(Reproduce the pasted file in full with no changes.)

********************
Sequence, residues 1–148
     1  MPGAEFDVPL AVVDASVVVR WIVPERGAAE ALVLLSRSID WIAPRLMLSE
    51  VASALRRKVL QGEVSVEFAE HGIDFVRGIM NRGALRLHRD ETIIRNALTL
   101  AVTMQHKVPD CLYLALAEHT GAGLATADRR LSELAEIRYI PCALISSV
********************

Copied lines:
Sequence, residues 1–148
     1  MPGAEFDVPL AVVDASVVVR WIVPERGAAE ALVLLSRSID WIAPRLMLSE
    51  VASALRRKVL QGEVSVEFAE HGIDFVRGIM NRGALRLHRD ETIIRNALTL
   101  AVTMQHKVPD CLYLALAEHT GAGLATADRR LSELAEIRYI PCALISSV